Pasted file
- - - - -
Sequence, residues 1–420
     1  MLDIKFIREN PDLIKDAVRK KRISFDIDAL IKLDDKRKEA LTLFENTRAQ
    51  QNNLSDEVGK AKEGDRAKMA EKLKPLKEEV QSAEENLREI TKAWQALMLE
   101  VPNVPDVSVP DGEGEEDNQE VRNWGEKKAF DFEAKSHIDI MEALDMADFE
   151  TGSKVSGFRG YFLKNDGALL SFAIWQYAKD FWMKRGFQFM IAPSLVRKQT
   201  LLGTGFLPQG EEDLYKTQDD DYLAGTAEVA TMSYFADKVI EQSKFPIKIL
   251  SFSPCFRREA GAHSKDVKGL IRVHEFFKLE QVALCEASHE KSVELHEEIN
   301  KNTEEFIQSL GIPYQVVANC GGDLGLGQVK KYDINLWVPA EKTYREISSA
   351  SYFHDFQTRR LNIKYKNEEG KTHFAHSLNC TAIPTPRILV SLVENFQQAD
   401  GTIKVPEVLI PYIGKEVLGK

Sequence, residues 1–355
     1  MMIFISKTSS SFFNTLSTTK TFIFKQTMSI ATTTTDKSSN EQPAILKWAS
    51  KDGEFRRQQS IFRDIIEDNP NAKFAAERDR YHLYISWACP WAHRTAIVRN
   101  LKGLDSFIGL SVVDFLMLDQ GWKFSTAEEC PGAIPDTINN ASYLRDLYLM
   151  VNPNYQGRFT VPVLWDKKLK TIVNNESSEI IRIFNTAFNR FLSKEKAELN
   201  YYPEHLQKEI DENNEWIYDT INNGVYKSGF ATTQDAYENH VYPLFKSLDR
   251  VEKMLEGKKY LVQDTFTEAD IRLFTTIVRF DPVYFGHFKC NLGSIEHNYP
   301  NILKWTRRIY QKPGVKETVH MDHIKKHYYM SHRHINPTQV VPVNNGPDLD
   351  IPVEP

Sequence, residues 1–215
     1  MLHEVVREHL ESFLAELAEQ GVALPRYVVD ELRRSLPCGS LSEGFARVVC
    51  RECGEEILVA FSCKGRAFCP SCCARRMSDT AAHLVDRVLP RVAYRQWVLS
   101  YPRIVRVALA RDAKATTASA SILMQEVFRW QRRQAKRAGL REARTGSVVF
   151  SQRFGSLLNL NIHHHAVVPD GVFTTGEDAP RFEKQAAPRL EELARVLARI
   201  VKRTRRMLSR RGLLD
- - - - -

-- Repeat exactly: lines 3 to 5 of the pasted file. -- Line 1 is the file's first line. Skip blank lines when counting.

    51  QNNLSDEVGK AKEGDRAKMA EKLKPLKEEV QSAEENLREI TKAWQALMLE
   101  VPNVPDVSVP DGEGEEDNQE VRNWGEKKAF DFEAKSHIDI MEALDMADFE
   151  TGSKVSGFRG YFLKNDGALL SFAIWQYAKD FWMKRGFQFM IAPSLVRKQT